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markysharkey
Premium
join:2012-12-20
united kingd
reply to markysharkey

Re: 887 with Gigabit ports and Gigabit "internet"

Cramer... yes I need to double check the 2960S for NAT commands. I agree it's doubtful, but I need to console in and be 100% sure...

Aryoba, the ISP is providing ethernet connectivity independently of the PSTN line. I could keep the ADSL line for bonding / back-up, but with a 1Gb (yes 1 Gb) internet connection, bonding an extra ~10Mb ADSL line doesn't really seem worthwhile. Failover is a different story so I may well add an ADSL WIC for that purpose.
--
Binary is as easy as 01 10 11


aryoba
Premium,MVM
join:2002-08-22
kudos:4

said by markysharkey:

Cramer... yes I need to double check the 2960S for NAT commands. I agree it's doubtful, but I need to console in and be 100% sure...

The only Cisco Catalyst switch model that I know supports NAT is 6500 series. Since you are getting 1 Gbps connection, getting 6500 series is not a bad idea especially when you can get one for cheap on ebay

said by markysharkey:

Aryoba, the ISP is providing ethernet connectivity independently of the PSTN line. I could keep the ADSL line for bonding / back-up, but with a 1Gb (yes 1 Gb) internet connection, bonding an extra ~10Mb ADSL line doesn't really seem worthwhile. Failover is a different story so I may well add an ADSL WIC for that purpose.

Cisco switches/routers are not that smart in handling failover that involves NAT with two different subnets. Using firewall for such purpose (i.e. Cisco ASA or Juniper SRX) is more fitting since firewall has elegant way of handling and is natively designed for such purpose.

I imagine this 1 Gbps connection is a broadband type (Cable Internet) instead of actual circuit of Unprotected Wave or OC-48?

cramer
Premium
join:2007-04-10
Raleigh, NC
kudos:9

Cisco switches/routers are not that smart in handling failover that involves NAT with two different subnets...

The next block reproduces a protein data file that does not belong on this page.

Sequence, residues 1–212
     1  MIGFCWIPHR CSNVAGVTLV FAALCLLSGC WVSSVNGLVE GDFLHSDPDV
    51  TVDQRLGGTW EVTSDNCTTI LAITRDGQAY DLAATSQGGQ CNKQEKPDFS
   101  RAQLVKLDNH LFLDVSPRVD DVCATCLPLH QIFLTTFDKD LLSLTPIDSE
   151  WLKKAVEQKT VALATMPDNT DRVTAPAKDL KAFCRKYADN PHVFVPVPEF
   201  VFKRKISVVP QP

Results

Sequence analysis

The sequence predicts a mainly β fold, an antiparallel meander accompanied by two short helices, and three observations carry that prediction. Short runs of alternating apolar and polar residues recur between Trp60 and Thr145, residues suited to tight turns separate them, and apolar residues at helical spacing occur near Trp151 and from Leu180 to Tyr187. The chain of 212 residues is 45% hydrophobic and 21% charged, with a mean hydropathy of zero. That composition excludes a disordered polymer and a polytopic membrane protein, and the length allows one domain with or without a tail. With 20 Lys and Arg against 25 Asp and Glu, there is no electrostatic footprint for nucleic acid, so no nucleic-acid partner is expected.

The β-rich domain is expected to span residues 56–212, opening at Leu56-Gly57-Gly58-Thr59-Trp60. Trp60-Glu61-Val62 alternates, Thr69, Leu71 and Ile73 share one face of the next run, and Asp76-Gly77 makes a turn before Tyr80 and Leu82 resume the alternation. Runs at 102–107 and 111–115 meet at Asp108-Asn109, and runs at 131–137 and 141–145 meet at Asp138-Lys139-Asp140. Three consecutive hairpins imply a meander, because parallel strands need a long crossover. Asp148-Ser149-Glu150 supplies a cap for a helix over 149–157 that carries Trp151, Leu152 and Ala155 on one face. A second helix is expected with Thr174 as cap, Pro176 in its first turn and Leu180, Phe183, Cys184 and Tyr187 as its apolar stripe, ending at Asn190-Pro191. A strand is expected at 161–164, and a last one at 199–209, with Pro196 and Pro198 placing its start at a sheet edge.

To be fair, NOTHING can. NAT into two different public subnets is going to end up with broken connections when the link fails. NAT into ISP1's addresss space is going to break with the link, as you cannot use ISP1's addresses through ISP2. No one should have to think about that equation.

(Using your own address space announced to each ISP is a different story. Since the ASA doesn't do BGP, it's ruled out here.)

aryoba
Premium,MVM
join:2002-08-22
kudos:4

For non-critical or non-sensitive application such as Internet browsing, shifting from ISP 1 subnet to ISP 2 subnet is likely to be transparent from users perspective unless the backup ISP link bandwidth is significantly smaller or congested than the primary one.

In regards of having firewall announcing your own address space to each ISP via BGP, Juniper SRX is better choice than the ASA


markysharkey
Premium
join:2012-12-20
united kingd
reply to aryoba

It's ethernet. The ISP is an independent here in the UK building their own infrastructure. They present me with an RJ45 hanging off some CAT6.
Local equipment is installed to (usually) the apartment block plant room with fibre back to the local distribution point and CAT6 to any apartment signing up to the service.
I'm taking an 887 to test SVI and "raw" ethernet port behaviour and do some basic speed tests with NAT and CBAC configured.
I may suggest an ASA but as this is a domestic install an ASA might be overkill. A 1921 with a Sec licence should do I would think.
--
Binary is as easy as 01 10 11


aryoba
Premium,MVM
join:2002-08-22
kudos:4

said by markysharkey:

It's ethernet. The ISP is an independent here in the UK building their own infrastructure. They present me with an RJ45 hanging off some CAT6.
Local equipment is installed to (usually) the apartment block plant room with fibre back to the local distribution point and CAT6 to any apartment signing up to the service.

It sounds like the 1 Gbps pipe will be shared among multiple tenants, which you may end up getting 10% or 5% of it depending on tenant usage pattern or any bandwidth shaping methodology the building management implemented.

With that in mind, a 1921 router, ASA 5505, and SRX 100 should fit the bill.

said by markysharkey:

I may suggest an ASA but as this is a domestic install an ASA might be overkill. A 1921 with a Sec licence should do I would think.

If I were you, I would ask price, feature, and performance comparison table from your authorized Cisco reseller. You will then decide which one is most suitable.